Hvar is a healthy gourmet delight. Forget all that you are used to, with supermarkets selling bland vegetables 24/7, 12 months of the year. On Hvar, everything is about the season, the freshness and the taste.

Come in Spring and enjoy the delights of the wild asparagus season. Come in November, and the fruit of the abundant mandarin trees will find their way into your diet. And some of the finest olive oil in the world, world-class wines made from indigenous Hvar grape varieties, and a host of other fruits, vegetables and herbs throughout the year, and it is no wonder, perhaps, that Hvar’s Mediterranean Diet was inscribed as intangible UNESCO heritage back in 2013.

Some key ingredients to quality Dalmatian cuisine are the simplicity of the dishes, fresh and seasonal products, and traditions and recipes handed down through family generations by grandmothers who devoted their lives to feeding the family.

It is said that a fish swims three times in Dalmatia. Once in the sea, then in local olive oil during preparation, and finally in white wine as it is consumed during the meal. And that journey personifies much of the quality and simplicity of Dalmatian food – fresh seafood, high-quality olive oil and exceptional wine.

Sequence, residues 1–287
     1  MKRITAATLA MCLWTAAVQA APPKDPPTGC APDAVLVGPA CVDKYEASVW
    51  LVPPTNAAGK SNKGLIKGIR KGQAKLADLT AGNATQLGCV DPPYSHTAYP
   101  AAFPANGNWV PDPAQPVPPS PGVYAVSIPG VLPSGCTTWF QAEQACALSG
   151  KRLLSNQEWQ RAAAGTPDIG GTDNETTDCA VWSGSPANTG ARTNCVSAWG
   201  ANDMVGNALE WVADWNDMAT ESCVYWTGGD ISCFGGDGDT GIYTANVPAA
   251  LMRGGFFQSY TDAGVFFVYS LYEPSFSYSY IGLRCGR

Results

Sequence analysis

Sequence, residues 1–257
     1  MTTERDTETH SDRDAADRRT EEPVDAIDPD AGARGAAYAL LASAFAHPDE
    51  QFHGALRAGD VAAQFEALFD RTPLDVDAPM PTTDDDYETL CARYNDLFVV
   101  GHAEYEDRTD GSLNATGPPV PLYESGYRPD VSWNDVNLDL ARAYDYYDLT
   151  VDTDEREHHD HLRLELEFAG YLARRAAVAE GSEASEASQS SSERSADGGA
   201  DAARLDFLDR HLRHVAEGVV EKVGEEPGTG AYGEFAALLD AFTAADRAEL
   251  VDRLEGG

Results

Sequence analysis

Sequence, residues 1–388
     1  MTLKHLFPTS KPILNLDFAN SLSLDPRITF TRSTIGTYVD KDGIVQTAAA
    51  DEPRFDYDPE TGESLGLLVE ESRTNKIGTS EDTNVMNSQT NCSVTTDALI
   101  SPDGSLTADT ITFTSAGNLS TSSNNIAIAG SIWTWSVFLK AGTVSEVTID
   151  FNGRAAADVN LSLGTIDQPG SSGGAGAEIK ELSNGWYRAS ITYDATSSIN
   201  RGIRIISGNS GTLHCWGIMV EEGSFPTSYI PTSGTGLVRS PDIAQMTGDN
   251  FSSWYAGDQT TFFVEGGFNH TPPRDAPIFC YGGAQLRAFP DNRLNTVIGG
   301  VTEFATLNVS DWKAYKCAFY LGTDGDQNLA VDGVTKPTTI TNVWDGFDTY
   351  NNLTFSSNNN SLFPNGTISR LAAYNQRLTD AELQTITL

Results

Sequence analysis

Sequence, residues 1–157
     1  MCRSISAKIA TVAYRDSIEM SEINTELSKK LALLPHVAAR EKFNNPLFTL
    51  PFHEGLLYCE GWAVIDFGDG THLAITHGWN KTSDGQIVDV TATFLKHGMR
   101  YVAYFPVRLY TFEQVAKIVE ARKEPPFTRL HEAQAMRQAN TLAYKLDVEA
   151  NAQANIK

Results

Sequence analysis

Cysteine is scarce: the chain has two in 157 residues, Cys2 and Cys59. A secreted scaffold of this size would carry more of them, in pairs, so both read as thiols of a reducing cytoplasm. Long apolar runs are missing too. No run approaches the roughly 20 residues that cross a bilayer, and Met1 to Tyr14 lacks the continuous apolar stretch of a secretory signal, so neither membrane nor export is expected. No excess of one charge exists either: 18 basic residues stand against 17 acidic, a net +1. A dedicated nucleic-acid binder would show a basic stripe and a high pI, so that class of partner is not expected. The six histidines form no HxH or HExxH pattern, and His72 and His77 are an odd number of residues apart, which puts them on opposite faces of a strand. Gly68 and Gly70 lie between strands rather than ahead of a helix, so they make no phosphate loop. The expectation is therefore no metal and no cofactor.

Almost every family on Hvar grows its own food in a family field, and this bond to the land and insistence on the freshest seasonal produce is at the heart of the island’s approach to gastronomy.

Hvar has its own specialities, of course, and Hvarska gregada, a type of fish stew, is perhaps its most famous dish. But for those with a sweet tooth and an eye for a traditional souvenir, don’t miss Starogrojski paprenjak, a honey-flavoured biscuit which was produced for Hvar sailors by their womenfolk some 800 years ago.

Looking to learn more about a few popular Dalmatian dishes? Check out the recipes below.

A word on the wines from Hvar, which date back more than 2,000 years to the arrival of the Ancient Greeks from Paros. Croatia is blessed with some 130 indigenous varieties, of which Hvar has several which are indigenous to the island. These include Bogdanusa, Darnekusa, Prc, Mekuja and Palarusa. Add to this the varying terroir on the island, coupled with the diverse personalities and approach of its winemakers, and the Hvar wine story is a fascinating one. No wonder wine tours are increasing in popularity, as Hvar wines are exported around the world – they can now be found on sale as far away as Japan, China, California and Australia.